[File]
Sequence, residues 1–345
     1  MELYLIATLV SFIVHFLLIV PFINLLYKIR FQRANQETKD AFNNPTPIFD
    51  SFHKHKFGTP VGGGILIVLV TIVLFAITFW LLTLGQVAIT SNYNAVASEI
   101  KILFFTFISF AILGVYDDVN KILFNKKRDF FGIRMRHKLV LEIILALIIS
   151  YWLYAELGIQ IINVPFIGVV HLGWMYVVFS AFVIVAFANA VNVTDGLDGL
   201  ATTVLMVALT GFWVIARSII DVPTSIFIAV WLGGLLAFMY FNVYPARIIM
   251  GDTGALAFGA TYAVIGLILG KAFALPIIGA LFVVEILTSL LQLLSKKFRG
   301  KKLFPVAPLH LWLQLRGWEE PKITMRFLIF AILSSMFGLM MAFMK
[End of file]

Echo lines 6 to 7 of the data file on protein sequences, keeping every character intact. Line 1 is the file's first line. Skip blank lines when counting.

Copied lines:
   201  ATTVLMVALT GFWVIARSII DVPTSIFIAV WLGGLLAFMY FNVYPARIIM
   251  GDTGALAFGA TYAVIGLILG KAFALPIIGA LFVVEILTSL LQLLSKKFRG